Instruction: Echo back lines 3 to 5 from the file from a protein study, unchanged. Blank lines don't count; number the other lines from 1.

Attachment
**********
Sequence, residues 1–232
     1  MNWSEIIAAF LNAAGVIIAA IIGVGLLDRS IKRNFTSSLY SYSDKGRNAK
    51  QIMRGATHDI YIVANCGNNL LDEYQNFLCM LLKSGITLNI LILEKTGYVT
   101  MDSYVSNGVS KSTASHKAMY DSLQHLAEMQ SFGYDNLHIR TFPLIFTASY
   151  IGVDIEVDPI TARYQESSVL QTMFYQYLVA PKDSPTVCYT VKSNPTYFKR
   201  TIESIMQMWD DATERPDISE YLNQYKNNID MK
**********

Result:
    51  QIMRGATHDI YIVANCGNNL LDEYQNFLCM LLKSGITLNI LILEKTGYVT
   101  MDSYVSNGVS KSTASHKAMY DSLQHLAEMQ SFGYDNLHIR TFPLIFTASY
   151  IGVDIEVDPI TARYQESSVL QTMFYQYLVA PKDSPTVCYT VKSNPTYFKR